Did Article 13 get passed?

As of July 2, 2019, Article 13 has not been passed. The European Parliament is set to vote on it in September, but it’s unclear if it will be passed at that time. It’s a highly controversial piece of legislation, and there is a lot of debate surrounding it.

Critics argue that Article 13 will stifle creativity and innovation online, as well as censor free speech. They also claim that it will lead to the formation of internet monopolies, as only large companies will be able to comply with the new regulations. Supporters of the bill say that it will protect copyright holders and prevent piracy. They argue that article 13 is essential for ensuring a level playing field for all content creators online.

It’s still unclear what exactly will happen if Article 13 is passed. There is a possibility that some parts of the internet could become censored, or that online services could become more expensive. However, it’s also possible that the bill won’t have much effect at all. Only time will tell what impact Article 13 will have on the internet as we know it.

If you recently got charged for AVG, there are a few potential reasons why. Maybe you signed up for a free trial and forgot to cancel it before the end date. Or, you could have installed a free version of AVG that later expired and prompted you to upgrade to the paid version. Whatever the case may be, we’re here to help clear things up.

If you installed a free version of AVG:

All of our products, including our free versions, can be found on our website. When you download and install a free product, it will automatically begin running in “trial mode.” This means that the product is fully functional but only for a limited period of time (usually 30 days). Once the trial period ends, your product will no longer work unless you activate it with a valid license key.

If your intention was to use the product long-term without paying, we recommend uninstalling it when the trial expires instead of allowing it to continue prompting you to upgrade. This way, you won’t accidentally click on anything and wind up being charged for something you didn’t want in the first place.

If you signed up for a free trial:
Some of our products offer free trials that require registration using your credit card or other payment information. These trials typically last for either 7 or 30 days depending on which product is being trialed. At the end of the trial period, if you don’t cancel or convert to a paid subscription, we automatically charge the credit card on file so that your service doesn’t lapseor experience any interruptions . If this is surprise to you , please give us call as soon as possible at 1-888-824-8788 so we can assist further . Note : You will not be able see any indication within your software that payment will be collected at end of trail since this would defeat purpose having “free” trial in first place!”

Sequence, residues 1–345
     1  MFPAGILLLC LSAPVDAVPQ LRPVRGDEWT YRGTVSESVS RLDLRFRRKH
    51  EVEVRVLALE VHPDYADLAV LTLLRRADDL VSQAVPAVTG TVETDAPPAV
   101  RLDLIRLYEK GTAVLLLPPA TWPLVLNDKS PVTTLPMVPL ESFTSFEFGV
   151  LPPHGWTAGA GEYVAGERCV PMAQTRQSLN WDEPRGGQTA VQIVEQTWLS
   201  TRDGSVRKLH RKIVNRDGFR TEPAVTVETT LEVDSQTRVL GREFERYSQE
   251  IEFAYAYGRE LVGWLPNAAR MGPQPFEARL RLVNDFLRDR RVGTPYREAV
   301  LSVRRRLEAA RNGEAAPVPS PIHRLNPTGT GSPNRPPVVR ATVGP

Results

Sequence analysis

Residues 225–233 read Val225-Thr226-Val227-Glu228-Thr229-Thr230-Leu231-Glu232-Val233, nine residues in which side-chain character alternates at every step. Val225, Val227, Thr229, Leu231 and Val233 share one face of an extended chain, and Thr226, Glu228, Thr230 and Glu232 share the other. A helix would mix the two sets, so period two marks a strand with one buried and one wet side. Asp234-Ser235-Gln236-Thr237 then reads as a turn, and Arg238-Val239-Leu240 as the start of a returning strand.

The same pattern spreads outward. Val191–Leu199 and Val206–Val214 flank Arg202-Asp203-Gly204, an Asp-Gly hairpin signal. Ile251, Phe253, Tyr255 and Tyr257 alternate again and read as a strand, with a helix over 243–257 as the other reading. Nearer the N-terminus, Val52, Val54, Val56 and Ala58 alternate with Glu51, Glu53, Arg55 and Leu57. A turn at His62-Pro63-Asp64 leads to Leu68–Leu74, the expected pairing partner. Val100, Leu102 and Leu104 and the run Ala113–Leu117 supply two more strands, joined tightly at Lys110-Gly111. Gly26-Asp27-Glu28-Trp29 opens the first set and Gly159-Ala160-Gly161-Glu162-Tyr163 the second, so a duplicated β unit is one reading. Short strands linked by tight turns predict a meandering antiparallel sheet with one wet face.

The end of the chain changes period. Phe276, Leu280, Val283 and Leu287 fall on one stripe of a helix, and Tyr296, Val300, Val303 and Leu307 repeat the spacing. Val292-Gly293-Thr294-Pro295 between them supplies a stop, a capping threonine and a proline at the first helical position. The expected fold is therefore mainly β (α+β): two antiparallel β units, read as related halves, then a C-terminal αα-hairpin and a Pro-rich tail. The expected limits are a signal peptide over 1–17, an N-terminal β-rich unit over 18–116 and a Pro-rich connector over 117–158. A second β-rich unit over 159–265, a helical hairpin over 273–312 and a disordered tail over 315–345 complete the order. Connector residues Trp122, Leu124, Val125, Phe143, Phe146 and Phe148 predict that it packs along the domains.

Worth knowing

Hola VPN was removed due to the extension containing malware. Google blocked the extension in September 2021, which resulted in the removal from the Chrome Web Store. New users are unable to download the extension.

Worth knowing

There has been a lot of talk lately about the European Parliament’s proposed directive on copyright in the digital single market. One of the most controversial aspects of the directive is Article 13, which would require online platforms to take measures to prevent the upload of copyrighted content. This has led to fears that it could stifle freedom of expression and creativity online. But does Article 13 affect the United States?

The short answer is no. The directive would only apply to member states of the European Union. However, there is a possibility that it could indirectly impact American internet users. That’s because many popular platforms such as YouTube and Facebook are based in the United States, and they would likely need to comply with Article 13 in order to continue doing business in Europe.

It’s also worth noting that America already has its own version of Article 13: section 512 of the Digital Millennium Copyright Act (DMCA). Section 512 requires online service providers to take steps to prevent infringing material from being uploaded onto their platform. In practice, this often means implementing Content ID systems or similar solutions that can automatically detect and remove copyrighted content.

So while Article 13 may not directly affect America, it could indirectly have an impact on how we use the internet. We will be watching closely as this Directive progresses through the European Parliament and seeing what implications it may have for us here in the States.

Worth knowing

One of the advantages of VPNs is that they allow secure communications over a public network, which can replace a private frame-relay network. The Internet provides connectivity among different offices, and the VPN provides security for the data travelling between them.

Thank your for reading!